Rain is a welcome weather change on the Landmarks, but it can also pose a challenge for trails. We want to remind you of a few wet weather tips this winter season to help minimize trail damage and keep the community safe.
- Using trails too soon after rain can cause long-lasting damage and can potentially be dangerous for the public. Landowners and park rangers assess trail conditions to ensure they are safe for public use. Look for signs displayed at park entrances or notifications about cancelled activities.
- Do not use closed trails even if they look dry at the trailhead. There are likely to be sections of the trail that collect moisture and remain muddy. Ignoring closures could result in dangerous situations for nature enthusiasts, as well as park rangers and first responders if they are called in for assistance.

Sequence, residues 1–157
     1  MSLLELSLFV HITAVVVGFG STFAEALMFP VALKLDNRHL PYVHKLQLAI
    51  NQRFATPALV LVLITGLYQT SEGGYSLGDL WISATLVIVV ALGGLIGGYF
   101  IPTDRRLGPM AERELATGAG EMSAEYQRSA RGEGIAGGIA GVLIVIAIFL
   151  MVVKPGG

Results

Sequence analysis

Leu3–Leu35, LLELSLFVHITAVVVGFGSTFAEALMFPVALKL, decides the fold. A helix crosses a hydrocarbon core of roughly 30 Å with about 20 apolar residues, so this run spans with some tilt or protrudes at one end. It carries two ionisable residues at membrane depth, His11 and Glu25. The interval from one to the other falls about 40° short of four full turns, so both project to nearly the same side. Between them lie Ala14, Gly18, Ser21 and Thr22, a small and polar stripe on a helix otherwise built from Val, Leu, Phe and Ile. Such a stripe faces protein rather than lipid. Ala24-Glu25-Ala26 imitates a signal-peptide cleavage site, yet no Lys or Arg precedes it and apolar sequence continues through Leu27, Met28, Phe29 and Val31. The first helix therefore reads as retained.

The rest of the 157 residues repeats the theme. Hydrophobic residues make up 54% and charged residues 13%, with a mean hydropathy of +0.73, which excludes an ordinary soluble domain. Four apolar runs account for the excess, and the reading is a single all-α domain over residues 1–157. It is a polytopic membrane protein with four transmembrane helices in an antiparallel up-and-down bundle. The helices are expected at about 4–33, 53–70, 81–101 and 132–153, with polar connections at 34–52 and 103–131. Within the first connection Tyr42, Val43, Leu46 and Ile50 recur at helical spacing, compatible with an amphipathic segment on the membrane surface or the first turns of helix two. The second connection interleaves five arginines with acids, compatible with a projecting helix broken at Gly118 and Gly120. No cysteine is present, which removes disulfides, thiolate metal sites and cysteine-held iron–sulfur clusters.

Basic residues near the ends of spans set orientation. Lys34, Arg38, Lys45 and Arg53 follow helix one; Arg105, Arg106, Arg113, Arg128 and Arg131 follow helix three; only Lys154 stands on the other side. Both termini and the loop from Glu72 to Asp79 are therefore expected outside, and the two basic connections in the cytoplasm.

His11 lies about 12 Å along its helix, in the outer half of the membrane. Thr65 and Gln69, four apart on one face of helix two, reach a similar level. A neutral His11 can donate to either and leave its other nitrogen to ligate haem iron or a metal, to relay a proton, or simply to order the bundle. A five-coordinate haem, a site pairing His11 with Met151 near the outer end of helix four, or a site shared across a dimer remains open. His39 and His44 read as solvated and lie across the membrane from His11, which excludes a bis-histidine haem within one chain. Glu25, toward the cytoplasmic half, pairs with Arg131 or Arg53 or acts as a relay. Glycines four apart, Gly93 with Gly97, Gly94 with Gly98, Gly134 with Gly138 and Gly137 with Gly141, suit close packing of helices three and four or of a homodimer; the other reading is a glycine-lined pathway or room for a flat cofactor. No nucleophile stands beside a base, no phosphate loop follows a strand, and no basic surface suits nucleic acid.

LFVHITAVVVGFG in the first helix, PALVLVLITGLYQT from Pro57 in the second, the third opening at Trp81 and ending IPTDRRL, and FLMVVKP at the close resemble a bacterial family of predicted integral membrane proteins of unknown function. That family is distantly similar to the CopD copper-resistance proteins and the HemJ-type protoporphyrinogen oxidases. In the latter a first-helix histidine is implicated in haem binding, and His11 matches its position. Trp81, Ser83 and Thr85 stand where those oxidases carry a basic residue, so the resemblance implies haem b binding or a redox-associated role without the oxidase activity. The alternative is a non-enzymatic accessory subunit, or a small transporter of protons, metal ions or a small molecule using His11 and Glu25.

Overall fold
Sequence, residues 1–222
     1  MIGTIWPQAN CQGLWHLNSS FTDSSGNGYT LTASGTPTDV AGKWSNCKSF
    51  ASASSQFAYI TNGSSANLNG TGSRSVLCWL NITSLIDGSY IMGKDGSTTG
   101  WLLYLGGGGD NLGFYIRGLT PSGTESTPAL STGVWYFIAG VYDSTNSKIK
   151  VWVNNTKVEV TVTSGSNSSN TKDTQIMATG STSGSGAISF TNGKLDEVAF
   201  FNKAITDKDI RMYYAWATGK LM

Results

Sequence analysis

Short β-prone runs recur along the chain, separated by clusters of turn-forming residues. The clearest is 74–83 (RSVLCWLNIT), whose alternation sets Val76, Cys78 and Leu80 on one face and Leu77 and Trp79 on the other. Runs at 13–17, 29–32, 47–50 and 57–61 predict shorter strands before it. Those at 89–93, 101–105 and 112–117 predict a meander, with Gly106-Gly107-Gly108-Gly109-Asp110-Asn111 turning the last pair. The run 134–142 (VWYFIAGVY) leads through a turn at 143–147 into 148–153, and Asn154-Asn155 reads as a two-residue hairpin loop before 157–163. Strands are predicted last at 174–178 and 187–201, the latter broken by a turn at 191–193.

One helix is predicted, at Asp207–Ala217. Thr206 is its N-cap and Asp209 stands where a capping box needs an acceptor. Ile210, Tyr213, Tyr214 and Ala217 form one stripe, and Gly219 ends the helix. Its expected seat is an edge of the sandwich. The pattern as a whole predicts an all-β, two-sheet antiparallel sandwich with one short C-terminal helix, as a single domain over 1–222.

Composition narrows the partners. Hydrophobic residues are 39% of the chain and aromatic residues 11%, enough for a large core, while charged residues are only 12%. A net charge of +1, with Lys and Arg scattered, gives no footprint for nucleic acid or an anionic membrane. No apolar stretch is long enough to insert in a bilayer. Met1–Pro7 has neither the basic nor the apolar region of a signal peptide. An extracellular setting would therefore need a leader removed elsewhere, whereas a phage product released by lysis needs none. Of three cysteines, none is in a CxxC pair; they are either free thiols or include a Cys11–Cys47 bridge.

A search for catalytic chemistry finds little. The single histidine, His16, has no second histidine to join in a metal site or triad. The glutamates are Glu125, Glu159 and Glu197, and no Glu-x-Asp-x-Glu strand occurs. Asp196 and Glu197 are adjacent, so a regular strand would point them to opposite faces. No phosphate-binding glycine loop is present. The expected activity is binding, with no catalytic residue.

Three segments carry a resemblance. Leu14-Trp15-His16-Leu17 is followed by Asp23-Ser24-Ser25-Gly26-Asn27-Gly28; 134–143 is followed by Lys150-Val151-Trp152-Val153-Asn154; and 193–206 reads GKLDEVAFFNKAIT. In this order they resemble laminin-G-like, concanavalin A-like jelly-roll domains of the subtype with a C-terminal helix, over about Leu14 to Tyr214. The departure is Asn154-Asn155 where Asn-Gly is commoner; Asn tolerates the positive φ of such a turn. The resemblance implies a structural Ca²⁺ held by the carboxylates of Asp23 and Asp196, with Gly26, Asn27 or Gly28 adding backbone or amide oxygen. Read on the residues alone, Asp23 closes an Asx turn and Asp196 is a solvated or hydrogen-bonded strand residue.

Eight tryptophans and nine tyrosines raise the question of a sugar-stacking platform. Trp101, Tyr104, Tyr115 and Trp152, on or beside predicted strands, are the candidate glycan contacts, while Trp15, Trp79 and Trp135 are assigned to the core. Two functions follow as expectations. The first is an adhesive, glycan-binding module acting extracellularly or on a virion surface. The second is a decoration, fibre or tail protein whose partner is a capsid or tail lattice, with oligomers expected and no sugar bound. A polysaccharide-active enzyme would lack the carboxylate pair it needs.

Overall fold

- Once trails reopen, visitors can further help avoid damage by steering clear of remaining muddy spots. However, it should be noted that if a trail is dry enough for foot traffic, the landowners could decide that the pathways are not suitable for mountain bike riders or equestrians. Tire tracks and horse hooves tend to leave a more dramatic impression on the trail than individual footprints.
- Each area of the Landmarks will have updated information regarding trail closures. For more information about OC Parks trails, visit ocparks.com/parks-trails/alerts. Information about the City of Irvine Open Space trails can be found at letsgooutside.org. For information about trail closures in the City of Newport Beach, call the Newport Beach Mudline at 949-718-1860 or sign up here to receive text and email alerts.
It is important to remember that rain is critical for maintaining a healthy habitat on the Landmarks, even though trail closures can be frustrating. Allowing trails to dry out before re-opening them helps prevent damage that could cause long term closures. A little patience now goes a long way!
To check for closures, cancelled activities, and to learn more about the Irvine Ranch Natural Landmarks visit LetsGoOutside.org.